The plea bargain is a deal with the devil — at least according to many members of the public. The public may be right, but the real question is: Just who is the devil in the plea bargain equation? Let’s first take a step back and go over some basics. In 1975, the Law Reform Commission of Canada defined a plea bargain as “any agreement by the accused to plead guilty in return for the promise of some benefit.” The essence of any plea bargain is a quid pro quo. So the quid: The accused gives up their constitutional right to be presumed innocent and waives their right to a trial. In other words, the accused relieves the state of the heavy obligation of proving guilt beyond a reasonable doubt. After all, there is only one guarantee in criminal law — if you plead guilty you will be found guilty. And the quo: The accused receives the benefit of reduced charges, or less jail time or some measure of certainty about the ultimate sentence. But it is not just the accused and the prosecution who benefit from guilty pleas. Plea bargaining is an essential lubricant in the justice system. Recently, in R. v. Anthony-Cook, the Supreme Court of Canada described plea agreements as “vitally important to the well-being of our criminal justice system,” without which the justice system would “eventually collapse under its own weight.” So, everyone wins — unless you are the innocent accused who is induced into pleading guilty. The Criminal Code recognizes the fundamental importance that all admissions of guilt are fully voluntary. Before a court can accept a guilty... read more

INSTITUTIONAL BIAS FAVOURING CROWN ATTORNEYS PREVENTING LEVEL PLAYING FIELD

There have long been whispers in the criminal defence bar that Ontario’s judicial appointment process is broken. Since June 13, 2017, when Ottawa area MP Yasir Naqvi took the reins as Ontario’s attorney general, 70 per cent of his appointments to the bench have been drawn from the Crown’s office. Over the last eight months 17 judges have been appointed to the Ontario Court of Justice — 12 of those appointments were Crown attorneys and five were defence counsel. That does not seem like a level playing field. But this is not a new problem special to Naqvi — it has been this way for decades. Don’t get me wrong — Crown attorneys can and do make fantastic judges. Some of my very favourite judges are former Crown attorneys and they have proven to be smart, fair, compassionate and a pleasure to appear before. But the simple numbers cast doubt on what at first blush appears to be a rigorous and independent provincial judicial application and review process. In Ontario aspiring judges must submit 14 copies of their application packageto an independent committee which reviews and interviews the candidates and provides a ranked list to the attorney general who then makes his picks. The independent committee is made up of a mix of members from the bench, bar and general public and its composition is legislatively required to reflect the diversity of Ontario’s population, including gender, geography, racial and cultural minorities. And the committee is not stacked with Crowns or provincial bagmen and it currently includes David M. Humphrey — a respected criminal defence lawyer. Also, I have a bit... read more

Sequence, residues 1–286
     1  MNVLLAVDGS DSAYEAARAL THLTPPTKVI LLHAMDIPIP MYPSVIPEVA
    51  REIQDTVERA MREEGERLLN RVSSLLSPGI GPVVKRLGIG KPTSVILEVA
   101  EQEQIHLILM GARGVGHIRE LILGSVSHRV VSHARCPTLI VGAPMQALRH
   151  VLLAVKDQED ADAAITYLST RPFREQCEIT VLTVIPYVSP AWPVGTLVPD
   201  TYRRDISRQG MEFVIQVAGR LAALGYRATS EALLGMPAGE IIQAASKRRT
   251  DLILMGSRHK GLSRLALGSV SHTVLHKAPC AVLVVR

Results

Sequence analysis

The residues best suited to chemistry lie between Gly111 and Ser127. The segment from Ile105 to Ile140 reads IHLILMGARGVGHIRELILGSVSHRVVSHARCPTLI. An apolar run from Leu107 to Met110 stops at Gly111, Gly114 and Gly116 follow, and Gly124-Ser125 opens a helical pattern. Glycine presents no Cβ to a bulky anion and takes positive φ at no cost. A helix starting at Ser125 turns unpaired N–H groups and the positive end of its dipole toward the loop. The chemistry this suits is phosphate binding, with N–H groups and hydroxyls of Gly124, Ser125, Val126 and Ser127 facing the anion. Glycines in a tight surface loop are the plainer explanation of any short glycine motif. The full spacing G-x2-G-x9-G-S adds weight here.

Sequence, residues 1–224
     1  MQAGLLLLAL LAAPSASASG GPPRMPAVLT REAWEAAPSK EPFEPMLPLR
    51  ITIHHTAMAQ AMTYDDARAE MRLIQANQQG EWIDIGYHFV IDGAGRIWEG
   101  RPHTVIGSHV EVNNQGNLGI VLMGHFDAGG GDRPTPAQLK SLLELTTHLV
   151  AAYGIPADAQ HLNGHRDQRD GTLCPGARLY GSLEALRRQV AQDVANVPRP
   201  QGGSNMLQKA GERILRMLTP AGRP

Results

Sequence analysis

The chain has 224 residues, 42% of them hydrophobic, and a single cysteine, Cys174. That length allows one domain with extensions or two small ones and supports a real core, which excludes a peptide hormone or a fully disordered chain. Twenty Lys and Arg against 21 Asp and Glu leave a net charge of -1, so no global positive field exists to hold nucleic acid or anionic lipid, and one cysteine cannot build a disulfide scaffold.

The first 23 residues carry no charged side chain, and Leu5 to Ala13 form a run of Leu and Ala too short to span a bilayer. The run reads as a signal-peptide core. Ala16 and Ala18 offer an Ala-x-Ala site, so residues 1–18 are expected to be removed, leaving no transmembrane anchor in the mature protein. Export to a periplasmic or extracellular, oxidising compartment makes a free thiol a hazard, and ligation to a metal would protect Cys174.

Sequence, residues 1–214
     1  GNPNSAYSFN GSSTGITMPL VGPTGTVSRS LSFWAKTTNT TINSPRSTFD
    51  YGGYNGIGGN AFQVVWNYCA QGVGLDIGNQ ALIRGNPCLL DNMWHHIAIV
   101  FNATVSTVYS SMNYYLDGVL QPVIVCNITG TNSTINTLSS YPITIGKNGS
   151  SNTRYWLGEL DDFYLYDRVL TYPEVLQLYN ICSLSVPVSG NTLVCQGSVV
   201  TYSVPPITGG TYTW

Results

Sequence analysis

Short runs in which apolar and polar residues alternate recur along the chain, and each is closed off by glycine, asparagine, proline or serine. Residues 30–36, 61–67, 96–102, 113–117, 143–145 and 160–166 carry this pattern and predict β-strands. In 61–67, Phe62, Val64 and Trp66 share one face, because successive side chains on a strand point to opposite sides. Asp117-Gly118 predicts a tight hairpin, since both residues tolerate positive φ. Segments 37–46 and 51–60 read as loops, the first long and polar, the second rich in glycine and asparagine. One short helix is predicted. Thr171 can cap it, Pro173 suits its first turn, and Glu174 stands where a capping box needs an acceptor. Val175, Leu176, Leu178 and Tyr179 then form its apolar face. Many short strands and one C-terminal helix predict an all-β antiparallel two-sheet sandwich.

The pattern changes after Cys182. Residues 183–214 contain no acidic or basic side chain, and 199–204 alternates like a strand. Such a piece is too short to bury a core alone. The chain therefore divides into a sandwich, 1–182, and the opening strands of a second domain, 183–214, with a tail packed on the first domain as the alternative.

Let’s Talk about Mental Health

This month Manitoba’s Criminal Review Board granted Will Baker an absolute discharge – and then the theatrical outrage hit the political fan, because Baker is better known as Vince Li, the man responsible for a gruesome and widely publicised 2008 killing on a Greyhound bus. But Baker was not really responsible. Baker suffers from schizophrenia. At his trial both the Crown and defence counsel agreed that his actions were driven by mental illness and that he should not be found guilty of the gruesome murder. You see, in Canada we exact punishment, vengeance and retribution against those who commit serious violent offences. But we do not punish people who don’t know right from wrong and because of mental illness cannot appreciate the nature and consequences of their actions. In Canada, people who have illnesses like Baker receive treatment and live under restrictions until they no longer pose a risk to the public. Baker did not get off scot-free. For years following the finding of not criminally responsible, Baker was confined to a secure mental health centre and received intense treatment. Each year a group of judges, physiologists, doctors, experts and members of the public reviewed his case. Gradually Baker was given more and more liberty – first escorted visits to the community, then day passes and eventually the right to live on his own. Baker passed each test – he took his medication, followed the conditions and ultimately the review board of community members, experts, doctors and lawyers found that he no longer posed a threat to the community. It was only after nine years of intense and successful treatment that Baker was granted... read more